The Battle of Saragarhi was a last-stand battle fought before the Tirah Campaign between the British Raj and Afghan tribesmen. On 12 September 1897, an estimated 12,000 – 24,000 Orakzai and Afridi tribesmen were seen near Gogra, at Samana Suk, and around Saragarhi, cutting off Fort Gulistan from Fort Lockhart. The Afghans attacked the outpost of Saragarhi where thousands of them swarmed and surrounded the fort, preparing to assault it. Led by Havildar Ishar Singh, the 21 soldiers in the fort—all of whom were Sikhs—refused to surrender and were wiped out in a last stand. The post was recaptured two days later by another British Indian contingent.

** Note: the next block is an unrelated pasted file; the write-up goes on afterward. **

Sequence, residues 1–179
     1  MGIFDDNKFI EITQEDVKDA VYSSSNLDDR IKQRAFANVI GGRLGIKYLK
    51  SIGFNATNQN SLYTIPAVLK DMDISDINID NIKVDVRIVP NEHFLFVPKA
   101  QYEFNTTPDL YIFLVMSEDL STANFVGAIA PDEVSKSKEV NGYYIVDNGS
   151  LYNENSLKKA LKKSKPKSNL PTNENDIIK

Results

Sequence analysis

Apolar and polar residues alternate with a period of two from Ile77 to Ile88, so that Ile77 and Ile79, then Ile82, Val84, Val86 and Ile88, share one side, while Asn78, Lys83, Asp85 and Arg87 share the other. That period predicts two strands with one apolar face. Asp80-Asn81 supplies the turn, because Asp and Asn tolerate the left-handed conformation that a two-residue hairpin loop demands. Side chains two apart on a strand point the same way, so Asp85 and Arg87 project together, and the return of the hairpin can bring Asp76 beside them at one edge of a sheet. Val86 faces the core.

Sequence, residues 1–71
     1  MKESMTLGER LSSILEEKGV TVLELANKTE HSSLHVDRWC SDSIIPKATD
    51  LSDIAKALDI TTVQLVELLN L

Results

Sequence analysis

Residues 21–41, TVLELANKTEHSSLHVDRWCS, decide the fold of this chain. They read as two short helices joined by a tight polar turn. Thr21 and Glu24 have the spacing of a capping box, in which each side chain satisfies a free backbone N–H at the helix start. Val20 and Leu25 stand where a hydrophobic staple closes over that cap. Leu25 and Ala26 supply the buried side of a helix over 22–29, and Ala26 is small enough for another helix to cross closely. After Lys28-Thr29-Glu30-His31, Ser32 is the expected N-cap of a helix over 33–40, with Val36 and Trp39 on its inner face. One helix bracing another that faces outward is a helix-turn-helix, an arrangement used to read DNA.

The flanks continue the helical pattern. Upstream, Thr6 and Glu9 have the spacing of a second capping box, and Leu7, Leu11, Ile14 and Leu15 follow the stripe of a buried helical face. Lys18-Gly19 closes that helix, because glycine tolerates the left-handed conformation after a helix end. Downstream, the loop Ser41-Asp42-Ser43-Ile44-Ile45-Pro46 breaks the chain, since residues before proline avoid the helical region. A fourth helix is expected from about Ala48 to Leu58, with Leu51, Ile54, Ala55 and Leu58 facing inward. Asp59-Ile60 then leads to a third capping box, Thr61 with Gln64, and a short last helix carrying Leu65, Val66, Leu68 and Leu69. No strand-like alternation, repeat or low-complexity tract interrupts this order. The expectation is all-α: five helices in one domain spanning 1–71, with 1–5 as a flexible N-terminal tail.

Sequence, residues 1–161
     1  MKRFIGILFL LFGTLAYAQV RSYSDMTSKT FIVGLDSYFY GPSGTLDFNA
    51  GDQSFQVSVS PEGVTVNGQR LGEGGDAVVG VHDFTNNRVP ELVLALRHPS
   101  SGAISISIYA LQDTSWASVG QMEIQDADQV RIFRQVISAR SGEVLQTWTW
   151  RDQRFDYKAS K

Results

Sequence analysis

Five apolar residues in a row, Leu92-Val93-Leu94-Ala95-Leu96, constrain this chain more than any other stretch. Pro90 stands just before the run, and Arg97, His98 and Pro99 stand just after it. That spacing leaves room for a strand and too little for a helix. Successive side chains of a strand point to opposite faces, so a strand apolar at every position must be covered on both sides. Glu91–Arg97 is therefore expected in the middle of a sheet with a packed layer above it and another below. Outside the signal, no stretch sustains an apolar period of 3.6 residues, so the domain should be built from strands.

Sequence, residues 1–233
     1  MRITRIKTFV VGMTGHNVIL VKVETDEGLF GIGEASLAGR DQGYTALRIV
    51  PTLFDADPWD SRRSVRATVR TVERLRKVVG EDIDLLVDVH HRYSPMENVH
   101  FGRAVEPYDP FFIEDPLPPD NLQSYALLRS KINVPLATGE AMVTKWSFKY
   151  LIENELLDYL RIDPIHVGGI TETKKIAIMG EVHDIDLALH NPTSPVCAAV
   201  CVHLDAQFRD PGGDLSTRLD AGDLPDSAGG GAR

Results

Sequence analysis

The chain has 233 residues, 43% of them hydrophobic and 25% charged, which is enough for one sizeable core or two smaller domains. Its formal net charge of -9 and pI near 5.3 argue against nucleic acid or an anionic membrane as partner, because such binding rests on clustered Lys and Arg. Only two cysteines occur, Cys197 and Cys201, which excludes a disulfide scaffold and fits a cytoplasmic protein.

All of the 21 soldiers involved in the battle were posthumously awarded the Indian Order of Merit, which was the highest gallantry award that an Indian soldier could receive at the time. The Indian Army’s 4th battalion of the Sikh Regiment commemorates the battle every year on 12 September, as Saragarhi Day.